Yes, I am extremely fortunate to be able to race and train with some of the best elite and master cyclists in the world. California certainly breeds some really good athletes, because we can train year-round here, especially on the track. Other than ADT, 6 hours south in Los Angeles, Hellyer is the only track around. In the last few years, the city has put a lot of money into renovating the track and that has attracted a lot of new cyclists to the track scene.

Participation and membership has increased dramatically in the last year alone. There are so many amazing volunteers at Hellyer who sacrifice their time year-round to allow us multiple opportunities to train and race at the track. Beginning in April, we have at least two nights of racing a week and that goes straight through September. We are very fortunate.

Nationals 2008: In the pack during the Scratch Race, which I won.

At the Great American Velodrome Classic, our tents were neighbors in the infield. Between races you were lounging with your PROMAN teammates and I couldn't help but notice the 8-pack you were rocking. No matter how much I ride, how diligently I diet or how many sit-ups I do....I still can't get rid of my college beer storage unit that is attached firmly on my belly. What's your secret?

Although nutrition is a critical component for success and staying healthy as a cyclist, I try not to focus too much on diet. I eat what makes me feel good when I ride. I know what makes me feel bad, so I avoid those types of food. So, naturally I choose healthy foods and try to keep variety and balance in my diet. Yes, I do a few Pilates exercises here and there, but mostly just to make sure my core stays strong to support the rest of my body on the bike.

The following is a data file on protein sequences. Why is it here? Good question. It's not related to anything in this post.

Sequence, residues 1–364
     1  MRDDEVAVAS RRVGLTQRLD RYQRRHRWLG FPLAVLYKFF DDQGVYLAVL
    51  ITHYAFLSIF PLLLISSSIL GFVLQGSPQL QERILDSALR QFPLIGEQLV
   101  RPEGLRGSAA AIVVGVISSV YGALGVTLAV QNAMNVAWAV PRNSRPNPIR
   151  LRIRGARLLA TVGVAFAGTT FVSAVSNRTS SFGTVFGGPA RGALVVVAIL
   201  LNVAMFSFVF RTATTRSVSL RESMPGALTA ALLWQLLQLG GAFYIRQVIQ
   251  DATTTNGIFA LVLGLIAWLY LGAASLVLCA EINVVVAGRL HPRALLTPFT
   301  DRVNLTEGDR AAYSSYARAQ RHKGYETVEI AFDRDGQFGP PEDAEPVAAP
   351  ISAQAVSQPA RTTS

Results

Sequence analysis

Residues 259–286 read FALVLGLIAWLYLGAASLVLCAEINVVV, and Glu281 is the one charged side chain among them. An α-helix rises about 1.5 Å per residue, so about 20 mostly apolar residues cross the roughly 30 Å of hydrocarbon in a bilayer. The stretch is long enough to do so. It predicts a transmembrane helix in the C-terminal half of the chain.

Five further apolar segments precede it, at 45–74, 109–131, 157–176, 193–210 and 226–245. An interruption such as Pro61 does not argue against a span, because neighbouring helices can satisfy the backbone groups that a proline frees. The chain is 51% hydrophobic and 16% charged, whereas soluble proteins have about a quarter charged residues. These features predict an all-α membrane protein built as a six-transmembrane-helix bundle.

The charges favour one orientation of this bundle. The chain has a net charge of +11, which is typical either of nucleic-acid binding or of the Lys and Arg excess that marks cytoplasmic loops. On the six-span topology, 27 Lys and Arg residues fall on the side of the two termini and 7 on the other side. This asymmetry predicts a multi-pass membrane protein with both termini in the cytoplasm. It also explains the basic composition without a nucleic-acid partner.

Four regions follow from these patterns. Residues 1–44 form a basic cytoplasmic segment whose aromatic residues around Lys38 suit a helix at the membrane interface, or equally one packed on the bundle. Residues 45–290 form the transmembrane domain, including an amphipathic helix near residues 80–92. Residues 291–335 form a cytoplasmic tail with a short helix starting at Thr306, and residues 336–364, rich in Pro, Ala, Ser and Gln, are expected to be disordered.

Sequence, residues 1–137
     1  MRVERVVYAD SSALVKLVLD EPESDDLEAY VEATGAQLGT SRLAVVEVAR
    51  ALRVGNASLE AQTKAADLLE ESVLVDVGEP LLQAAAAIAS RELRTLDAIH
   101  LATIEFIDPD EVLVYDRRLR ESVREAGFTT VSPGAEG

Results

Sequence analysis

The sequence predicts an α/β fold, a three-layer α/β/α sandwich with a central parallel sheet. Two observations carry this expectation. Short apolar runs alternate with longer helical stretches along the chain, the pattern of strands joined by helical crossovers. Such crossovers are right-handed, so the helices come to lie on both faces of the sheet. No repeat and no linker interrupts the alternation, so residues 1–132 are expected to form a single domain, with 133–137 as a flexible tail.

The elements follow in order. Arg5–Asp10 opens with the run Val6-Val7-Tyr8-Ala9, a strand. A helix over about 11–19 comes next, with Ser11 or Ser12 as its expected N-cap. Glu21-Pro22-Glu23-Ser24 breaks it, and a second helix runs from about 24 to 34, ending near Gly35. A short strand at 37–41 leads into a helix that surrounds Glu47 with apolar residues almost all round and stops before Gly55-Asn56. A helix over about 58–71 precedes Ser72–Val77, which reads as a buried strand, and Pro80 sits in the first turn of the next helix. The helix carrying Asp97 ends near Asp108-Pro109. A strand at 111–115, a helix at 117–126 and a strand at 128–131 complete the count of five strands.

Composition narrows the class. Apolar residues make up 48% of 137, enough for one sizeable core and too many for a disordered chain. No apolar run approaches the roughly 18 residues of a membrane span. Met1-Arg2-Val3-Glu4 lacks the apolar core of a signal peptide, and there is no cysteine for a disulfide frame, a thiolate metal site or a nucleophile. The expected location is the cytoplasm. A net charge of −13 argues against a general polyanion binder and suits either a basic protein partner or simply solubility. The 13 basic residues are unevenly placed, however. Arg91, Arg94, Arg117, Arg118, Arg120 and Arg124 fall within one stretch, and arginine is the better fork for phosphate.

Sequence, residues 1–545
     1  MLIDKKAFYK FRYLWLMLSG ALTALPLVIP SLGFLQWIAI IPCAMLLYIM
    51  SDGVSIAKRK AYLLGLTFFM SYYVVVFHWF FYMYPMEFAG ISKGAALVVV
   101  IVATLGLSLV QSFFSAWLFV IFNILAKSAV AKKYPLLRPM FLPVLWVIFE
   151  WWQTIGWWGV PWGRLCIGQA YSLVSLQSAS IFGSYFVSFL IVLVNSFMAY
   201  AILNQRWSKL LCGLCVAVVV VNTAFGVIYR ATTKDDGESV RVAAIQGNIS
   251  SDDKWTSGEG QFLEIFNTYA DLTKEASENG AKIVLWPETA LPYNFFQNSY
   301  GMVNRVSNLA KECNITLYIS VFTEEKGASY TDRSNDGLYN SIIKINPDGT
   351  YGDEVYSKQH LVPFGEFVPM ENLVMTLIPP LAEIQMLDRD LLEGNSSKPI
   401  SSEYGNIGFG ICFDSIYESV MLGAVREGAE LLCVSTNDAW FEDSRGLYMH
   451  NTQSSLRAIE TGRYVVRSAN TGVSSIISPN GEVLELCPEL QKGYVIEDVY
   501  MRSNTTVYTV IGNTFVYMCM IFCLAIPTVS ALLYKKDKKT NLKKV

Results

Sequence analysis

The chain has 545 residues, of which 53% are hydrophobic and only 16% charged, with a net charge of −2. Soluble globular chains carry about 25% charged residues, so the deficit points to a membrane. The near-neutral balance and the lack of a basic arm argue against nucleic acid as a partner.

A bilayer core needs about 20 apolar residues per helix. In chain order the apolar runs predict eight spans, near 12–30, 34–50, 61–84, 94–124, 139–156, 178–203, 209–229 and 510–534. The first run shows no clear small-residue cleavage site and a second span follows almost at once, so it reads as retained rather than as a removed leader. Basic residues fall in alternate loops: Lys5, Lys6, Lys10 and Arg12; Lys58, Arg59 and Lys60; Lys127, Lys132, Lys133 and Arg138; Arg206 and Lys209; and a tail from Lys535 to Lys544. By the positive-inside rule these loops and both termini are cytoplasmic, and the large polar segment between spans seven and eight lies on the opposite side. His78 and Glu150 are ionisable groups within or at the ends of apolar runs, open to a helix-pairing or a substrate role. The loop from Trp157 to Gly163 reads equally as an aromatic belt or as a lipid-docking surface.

Not only are you one of the sport's greatest athletes, you're an Associate Coach for Whole Athlete and I hear that you coach the Stanford Women's Cycling're a busy gal! Have you always wanted to be a coach?

I am really passionate about coaching. Iíve known for as long as I have been an athlete that I would eventually end up coaching. I love sharing my experience with others, I love watching people succeed, and ultimately I love teaching. Coaching brings me a lot of happiness and itís something I truly enjoy doing.

You grew up Massachusetts. What prompted your move to Northern California?

I was born and raised near Boston for 19 years, before heading off to College in Virginia at Roanoke College. After leaving for college, my father got transferred to a job in California, so I naturally followed when I graduated from Roanoke. Although I feel my roots are on the East coast, I am very happy on the west coast and I donít see myself moving back any time soon.

The World Cup Podium picture is Copenhagen 2009, Points Race Bronze

With every World Cup event you compete in, your results keep getting better and better. Tell us a little bit about how the legs were feeling in Copenhagen during your ride to 7th place overall?

Well, actually my best result so far was in Copenhagen and it was better than 7th. I actually got to step up on the podium for the first time as I finished 3rd in the Points Race.

International track racing is really tough. Youíve got representation from all of the strongest countries in the world. Each country sends their riders to contest the World Cups in order to qualify their best riders for the World Championships. Itís no joke. I absolutely love it.